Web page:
• Hi Chok Leong,

    Was just doing some research on low-cost investing in Malaysia (I write a little about personal finance too), and came across your site. Just wanted to say Hi, and thanks for the very helpful information.

    • Hi. Glad that the info is helpful. I just jot down what I learned along the way. Thanks for visiting my site. πŸ™‚

  • Henry Tan

    Thanks for the info! Yes I read some articles that ETFs in US are very efficient and can be a great investment vehicle under our investment portfolio. unfortunately the ones in Malaysia are less popular, less volume and hence low liquidity.

    • Thanks for commenting. Most of the studies on index and ETF funds are done in the US. There is no detailed study about the return of these funds in Malaysia yet that I can find since they are still young. πŸ™‚ I think stick to the funds in the US is a better choice if you were into passive investment since they have long track record backed by many studies. Even Warren Buffett said so. So I think I would not be too wrong following his advice. And you too. πŸ™‚

  • Kerry

    so U.S. ETF is not a good option for Malaysian? ;( My friend who lives in U.S. recommended Vanguard ETFs, but looks like it’s just for Americans. Recently, started to think about small investment. Any recommendations?

    • No good nor bad. There are just more choices in the US (more ETF suppliers like iShares, Vanguard, PowerShares, WisdomTree, Guggenheim, etc). You can buy the Vanguard fund through international broker like TD Ameritrade (Asia).

  • Kelvin Shak

    Hello! Just started to read about low-cost investing and stumbled across your website. Want to know how is it going for you for the TD Ameritrade? Are your stocks being automatically handled by them or do you have to manually trade yourself?

    Thank you!

    • TD Ameritrade serves its purposes well. I am happy with it.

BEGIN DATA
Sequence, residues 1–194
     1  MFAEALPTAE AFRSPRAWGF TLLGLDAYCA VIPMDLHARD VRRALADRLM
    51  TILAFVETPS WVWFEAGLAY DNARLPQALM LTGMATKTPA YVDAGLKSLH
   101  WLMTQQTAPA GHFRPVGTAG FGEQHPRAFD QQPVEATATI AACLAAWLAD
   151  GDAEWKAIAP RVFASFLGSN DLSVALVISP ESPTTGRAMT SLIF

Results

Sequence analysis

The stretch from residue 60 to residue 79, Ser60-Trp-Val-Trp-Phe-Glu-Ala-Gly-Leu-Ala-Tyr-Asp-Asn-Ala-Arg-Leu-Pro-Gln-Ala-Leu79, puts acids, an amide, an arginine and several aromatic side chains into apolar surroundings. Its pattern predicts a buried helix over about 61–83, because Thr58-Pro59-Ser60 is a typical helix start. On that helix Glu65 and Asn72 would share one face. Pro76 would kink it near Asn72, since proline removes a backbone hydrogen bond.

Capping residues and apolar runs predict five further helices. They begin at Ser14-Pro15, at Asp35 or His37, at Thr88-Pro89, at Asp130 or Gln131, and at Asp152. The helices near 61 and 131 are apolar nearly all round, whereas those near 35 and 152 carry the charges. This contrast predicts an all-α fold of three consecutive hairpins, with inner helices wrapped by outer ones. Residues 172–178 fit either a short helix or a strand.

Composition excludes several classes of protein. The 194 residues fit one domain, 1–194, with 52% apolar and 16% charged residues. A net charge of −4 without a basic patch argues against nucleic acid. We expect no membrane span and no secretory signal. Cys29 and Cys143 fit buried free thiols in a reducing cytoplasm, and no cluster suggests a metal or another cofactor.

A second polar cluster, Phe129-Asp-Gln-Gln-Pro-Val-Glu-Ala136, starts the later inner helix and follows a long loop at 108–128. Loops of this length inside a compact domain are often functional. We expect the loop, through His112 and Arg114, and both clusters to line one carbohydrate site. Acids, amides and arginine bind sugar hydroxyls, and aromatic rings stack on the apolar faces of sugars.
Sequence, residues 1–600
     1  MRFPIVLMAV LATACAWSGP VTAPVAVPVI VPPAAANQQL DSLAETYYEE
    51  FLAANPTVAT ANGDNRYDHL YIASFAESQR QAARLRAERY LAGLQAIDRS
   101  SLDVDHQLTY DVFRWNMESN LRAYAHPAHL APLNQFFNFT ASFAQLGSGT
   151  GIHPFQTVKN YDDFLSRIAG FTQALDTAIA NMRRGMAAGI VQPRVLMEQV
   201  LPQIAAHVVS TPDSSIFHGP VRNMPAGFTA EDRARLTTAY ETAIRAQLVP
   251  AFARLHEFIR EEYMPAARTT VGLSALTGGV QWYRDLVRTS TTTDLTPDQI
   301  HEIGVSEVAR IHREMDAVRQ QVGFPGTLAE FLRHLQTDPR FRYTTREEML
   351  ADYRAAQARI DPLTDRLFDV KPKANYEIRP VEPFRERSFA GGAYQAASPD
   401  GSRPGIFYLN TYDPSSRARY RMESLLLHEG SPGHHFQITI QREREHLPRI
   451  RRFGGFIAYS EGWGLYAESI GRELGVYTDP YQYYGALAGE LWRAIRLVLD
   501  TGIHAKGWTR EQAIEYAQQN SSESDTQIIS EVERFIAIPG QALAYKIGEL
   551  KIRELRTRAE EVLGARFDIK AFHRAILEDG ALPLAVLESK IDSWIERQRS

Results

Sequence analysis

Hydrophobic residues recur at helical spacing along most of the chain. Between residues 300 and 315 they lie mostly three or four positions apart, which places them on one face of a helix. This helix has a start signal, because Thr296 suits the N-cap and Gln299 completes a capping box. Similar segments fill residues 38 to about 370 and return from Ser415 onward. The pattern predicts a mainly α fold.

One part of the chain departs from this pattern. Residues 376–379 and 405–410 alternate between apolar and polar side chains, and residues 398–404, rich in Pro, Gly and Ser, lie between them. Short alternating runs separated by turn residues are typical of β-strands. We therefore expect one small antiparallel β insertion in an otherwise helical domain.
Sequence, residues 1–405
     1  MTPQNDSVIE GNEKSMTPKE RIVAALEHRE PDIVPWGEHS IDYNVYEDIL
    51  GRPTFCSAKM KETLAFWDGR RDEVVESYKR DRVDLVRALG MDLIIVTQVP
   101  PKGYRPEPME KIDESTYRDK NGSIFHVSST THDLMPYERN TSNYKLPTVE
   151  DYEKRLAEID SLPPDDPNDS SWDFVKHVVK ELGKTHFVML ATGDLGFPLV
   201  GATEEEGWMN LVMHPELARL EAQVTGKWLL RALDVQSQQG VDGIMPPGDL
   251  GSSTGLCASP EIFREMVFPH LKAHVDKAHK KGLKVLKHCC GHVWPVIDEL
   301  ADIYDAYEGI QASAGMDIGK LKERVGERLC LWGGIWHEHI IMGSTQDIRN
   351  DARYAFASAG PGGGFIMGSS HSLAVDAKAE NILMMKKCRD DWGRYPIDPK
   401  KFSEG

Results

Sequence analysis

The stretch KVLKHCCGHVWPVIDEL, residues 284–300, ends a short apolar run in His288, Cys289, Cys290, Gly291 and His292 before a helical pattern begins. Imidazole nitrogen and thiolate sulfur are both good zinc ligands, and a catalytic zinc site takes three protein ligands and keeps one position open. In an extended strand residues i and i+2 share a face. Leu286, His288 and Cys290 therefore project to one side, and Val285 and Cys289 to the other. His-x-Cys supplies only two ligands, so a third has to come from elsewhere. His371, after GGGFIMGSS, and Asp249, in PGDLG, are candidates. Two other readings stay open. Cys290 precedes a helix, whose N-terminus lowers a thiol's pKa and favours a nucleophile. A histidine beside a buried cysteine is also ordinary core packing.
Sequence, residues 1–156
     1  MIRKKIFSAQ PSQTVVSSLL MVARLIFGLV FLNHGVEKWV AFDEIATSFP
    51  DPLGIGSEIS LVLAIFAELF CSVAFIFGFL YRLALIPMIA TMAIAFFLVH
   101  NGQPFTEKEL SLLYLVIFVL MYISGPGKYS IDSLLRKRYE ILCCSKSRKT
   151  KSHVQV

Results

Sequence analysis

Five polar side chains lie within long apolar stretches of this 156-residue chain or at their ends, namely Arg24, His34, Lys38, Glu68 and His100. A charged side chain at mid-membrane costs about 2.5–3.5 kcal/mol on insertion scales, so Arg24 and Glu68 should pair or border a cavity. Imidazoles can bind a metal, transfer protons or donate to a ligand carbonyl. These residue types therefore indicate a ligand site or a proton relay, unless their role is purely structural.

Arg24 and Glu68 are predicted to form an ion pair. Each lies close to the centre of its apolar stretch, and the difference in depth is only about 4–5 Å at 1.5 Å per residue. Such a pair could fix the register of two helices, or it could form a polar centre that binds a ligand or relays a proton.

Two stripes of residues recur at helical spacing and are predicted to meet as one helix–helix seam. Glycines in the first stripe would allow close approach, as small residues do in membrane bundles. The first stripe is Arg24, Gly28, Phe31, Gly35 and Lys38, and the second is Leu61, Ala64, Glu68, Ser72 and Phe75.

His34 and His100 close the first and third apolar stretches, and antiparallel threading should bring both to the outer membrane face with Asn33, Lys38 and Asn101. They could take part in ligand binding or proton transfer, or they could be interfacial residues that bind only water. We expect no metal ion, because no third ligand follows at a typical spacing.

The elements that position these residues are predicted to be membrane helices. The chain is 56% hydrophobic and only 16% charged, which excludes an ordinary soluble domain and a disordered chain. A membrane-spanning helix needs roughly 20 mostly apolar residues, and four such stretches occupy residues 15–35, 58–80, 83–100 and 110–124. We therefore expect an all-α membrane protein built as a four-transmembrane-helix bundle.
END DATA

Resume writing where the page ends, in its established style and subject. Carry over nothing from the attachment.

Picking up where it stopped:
TD Ameritrade is just a broker who offers a range of products (options, stocks, ETFs) for you to purchase. So you need to trade manually by yourself. You pick your own stocks or funds to buy and sell. You look after your own portfolio. Basically, if you are a long term investor, there is nothing much you need to do actually.

      • kamal mohamed

        how about the fees charged by td ameritrade Sir? Are the fees good?

        • Initially I joined TD Ameritrade Inc. which offers commission-free ETFs (no need to pay commission when you buy ETFs). However, due to their policy change, I need to move my account to TD Ameritrade Asia.

          The commission at TD Ameritrade Asia is $10.65 per trade. It is not the cheapest. But still acceptable.

          • S S

            Hi Chok, any reason why you did not open an account with Charles schwab? Can I invest in Vanguard ETF through them?

          • Charles Schwab did not allow international investors to register during the time that I was researching for online brokers in 2015. I just checked, they now allow Malaysians to open an international account. However, the minimum amount required is USD 25000 to open the account.

            Yes, you can invest in Vanguard ETFs (like VT, etc) in TD Ameritrade and other brokers. They are listed in the US stock exchanges.

  • Jessie

    Hi! Great article. Thank you so much for sharing your knowledge. I am just starting out and have been learning about low cost and passive investing.